It was a simple text message.  Terse and begging an immediate response.  “Help please, any idea where my car keys are?”  Having three high energy children, dressed and ready to go somewhere requires a fair whack of energy.  To have that effort scuppered at the final hurdle by the sudden disappearance of the family vehicle’s keys, is a setback which can end the entire day’s events. “Have you checked my brown shorts?” I asked Julie, when I called her back.  The previous night we had done things a little differently.  Julie had a dance meeting she was to attend at Glenridge, and because it was Wednesday, I was going to take the kids to home group. Julie was going to take my car, since it’s the smaller one and lighter on juice.  I was simply going to cross the road.  When her meeting finished, Julie came and joined us at the Raubenheimers and we all went home together in the little green Peugeot, kids all sleeping on the back seat. Then there was the haze of getting three sleeping children into their beds, without them being woken by noise, cold or accidental, dad-induced head bumps, as well as setting Noah’s camp cot back up.  What actually happened to the keys, I cannot recall. Asking Jules to check the pants I had been wearing the night before was my first port of call.  Maybe I had forgotten to take the second set of keys out and to put them back on their hook?  But no, this was not the answer. Of course!  We’d probably left them at Mark and Les’ place the night before!  Between transporting the sleeping siblings and gathering the various items they had shed during the night, we must’ve simply overlooked them.  So Julie sent Ethan across the road to check if Mark was home.  He wasn’t. So, feeling pretty sure that they were definitely, without a major doubt, sitting on one of Mark’s tables, I proceeded to make a plan with Jules.  I’d come home from work to give her my set of house keys.  She could then take the big car’s spare keys and go do what they needed to do.  The day would be an unqualified success! Except that when I got home, we discovered that the spare key’s battery was dead.  When we tried to open the door manually, the key broke.  I was starting to smell the faint scent of Randela’s burning through my cotton pants. I decided to give both Mark and Les a call, asking if they’d noticed our keys lying about.  Mark was only twenty minutes away from arriving home.  Julie and I basked in the glow of a spontaneous family lunch, while I bristled internally with unbridled key-finding confidence.  We heard Mark hoot almost bang on the twenty minute mark.  Ethan and I scurried over, stomachs full and joy in our hearts.  After five minutes of searching, joy only seemed to remain in Ethan’s heart. I trudged back.  Ethan ran.  My mind raced.  Joy was still pouring forth from my eldest as he cheerfully announced to Julie that the keys weren’t at Mark’s place.  Show some sympathy for your dad, son! Then both Jules and I started doing that thing you do when you’ve lost something.  Check all the places you’ve already checked three times, but this time, you look with more intent!  Your eyes start to bug out.  You stare into corners, hoping to unfold the space-time continuum.  Then you check all the places you noticed your spouse was just checking, because somewhere along the line, the mission became a surreptitious competition.  Motivation ebbs and flows.  A switch flips in your brain.  You start checking all the places a lost item shouldn’t be.  You look in bins, sugar containers, freezers and cupboards that have been locked and never opened.  You berate the animals for eating your prized possession and then depositing the bits in the four corners of the earth.  You open containers too small to actually hold the item you’re looking for.  You look between sheets of paper.  By this point, you’re really into wiping out all doubt.  Nothing is certain anymore.  You actually visit Narnia, but you’re too obsessed to care. Where did we go from this point?  Logically, we grilled the child with the most comprehension about the movements and behaviours of the least communicative, but most inquisitive member of the family.  Noah had started pushing chairs around a few days earlier.  He was using them to climb up onto surrounding tables and shelves in order to discover more.  Had he reached the key rack? “Ethan, have you seen Noah with the car keys?” Julie asked. “Yes!  I saw him with them, but I don’t remember where,” replied Ethan.  It was a great clue.  One we’d only wished we’d received fifteen minutes earlier.  Efforts to actually interrogate the teething toddler proved futile.  He smiled and we melted. The clue did trigger something in Julie’s memory though.  She had remembered seeing Noah’s play keys outside on the patio.  His play keys are actually real keys from a previous home that we no longer needed and they generally lived with our other keys up on the key rack!  Evidence was mounting!  Had he also been playing outside with our keys?  We silently and not-so-silently wondered if he had tossed them outside into the heavy Mount Moreland foliage!  Outside we went, scratching in the undergrowth, looking in weed beds, in bushes and under all manner of things. Hope faded.  The skies darkened.  Time ran out.  We needed a miracle.  We prayed.  But the game was up.  I needed to go back to work and we needed to make a decision about what the family was going to do for the afternoon.  Defeated, they stayed at home and I returned to work. The drive back was peppered with thoughts about the keys.  I started praying fervently, asking for help.  Had I dropped the keys outside on the way to the Raubenheimers the night before and a stranger had picked them up?  They’d have access to the house!  Do we need to get a locksmith?  What about the car’s spare keys?  Do I need to get a new set and a new battery?  I saw problems and costs mounting.  I prayed more. With the true, fervent prayer, peace and clarity came.  I felt the voice of the Father, the one who can love and cut us at the same time ask, “Will you pray for the lost like this?”  As eternity loomed large over me, my response could only ever be ‘yes’.  In an instant, I understood something more about His heart.  Life was added to my knowledge.  The gospel received some legs. Once we were all like our lost keys; important, valuable and horribly lost.  But now we’re found.  The work however, is not finished.  Don’t try to do evangelism.  Ask God for His heart for the lost.  Let yourself be overwhelmed by His heart which beats for the lonely, broken and forgotten.  You will naturally, and supernaturally, start to do His will. And what happened to our keys?  We found them a few hours later.  They were in the door.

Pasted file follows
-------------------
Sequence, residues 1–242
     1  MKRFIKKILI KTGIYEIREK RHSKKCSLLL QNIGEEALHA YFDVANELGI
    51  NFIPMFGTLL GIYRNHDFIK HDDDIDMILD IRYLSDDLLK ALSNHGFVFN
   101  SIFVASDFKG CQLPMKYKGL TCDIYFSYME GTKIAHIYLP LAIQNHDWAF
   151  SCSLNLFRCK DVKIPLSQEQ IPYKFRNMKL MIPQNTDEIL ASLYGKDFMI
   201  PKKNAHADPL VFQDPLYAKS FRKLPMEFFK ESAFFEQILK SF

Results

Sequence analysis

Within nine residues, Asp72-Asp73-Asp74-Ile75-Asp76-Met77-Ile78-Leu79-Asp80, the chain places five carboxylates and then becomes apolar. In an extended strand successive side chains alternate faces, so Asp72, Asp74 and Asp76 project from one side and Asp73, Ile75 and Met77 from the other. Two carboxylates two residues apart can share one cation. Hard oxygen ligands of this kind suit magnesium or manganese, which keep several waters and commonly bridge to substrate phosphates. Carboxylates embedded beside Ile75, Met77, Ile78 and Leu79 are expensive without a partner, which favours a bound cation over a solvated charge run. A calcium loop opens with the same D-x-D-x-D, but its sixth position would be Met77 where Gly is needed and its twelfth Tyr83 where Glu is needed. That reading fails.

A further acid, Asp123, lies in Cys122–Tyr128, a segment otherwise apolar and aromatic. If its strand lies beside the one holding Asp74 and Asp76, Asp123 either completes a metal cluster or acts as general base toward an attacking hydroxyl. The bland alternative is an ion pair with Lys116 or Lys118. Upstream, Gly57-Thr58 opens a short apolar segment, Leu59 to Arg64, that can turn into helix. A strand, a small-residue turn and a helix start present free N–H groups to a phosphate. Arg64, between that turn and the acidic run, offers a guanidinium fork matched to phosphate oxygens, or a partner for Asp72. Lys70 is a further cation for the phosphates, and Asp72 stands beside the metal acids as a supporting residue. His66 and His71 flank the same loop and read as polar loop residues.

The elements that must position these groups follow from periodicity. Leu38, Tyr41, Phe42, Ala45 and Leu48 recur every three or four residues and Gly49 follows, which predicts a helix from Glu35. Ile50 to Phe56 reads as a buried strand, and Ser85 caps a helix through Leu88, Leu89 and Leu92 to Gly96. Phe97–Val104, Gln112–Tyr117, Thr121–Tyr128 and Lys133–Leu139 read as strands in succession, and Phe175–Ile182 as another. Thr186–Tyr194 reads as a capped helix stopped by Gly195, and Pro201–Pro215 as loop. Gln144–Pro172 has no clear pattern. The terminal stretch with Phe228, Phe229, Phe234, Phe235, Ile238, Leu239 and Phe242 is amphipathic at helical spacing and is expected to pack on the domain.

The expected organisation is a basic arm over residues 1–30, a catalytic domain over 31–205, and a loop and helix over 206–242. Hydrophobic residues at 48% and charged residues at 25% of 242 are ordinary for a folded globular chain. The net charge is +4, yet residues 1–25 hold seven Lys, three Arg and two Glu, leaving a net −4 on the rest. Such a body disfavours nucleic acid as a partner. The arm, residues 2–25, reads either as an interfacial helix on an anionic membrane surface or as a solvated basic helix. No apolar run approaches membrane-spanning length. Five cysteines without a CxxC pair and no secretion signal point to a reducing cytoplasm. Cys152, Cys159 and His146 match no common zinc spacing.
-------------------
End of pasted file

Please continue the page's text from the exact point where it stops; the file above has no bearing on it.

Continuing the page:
By admin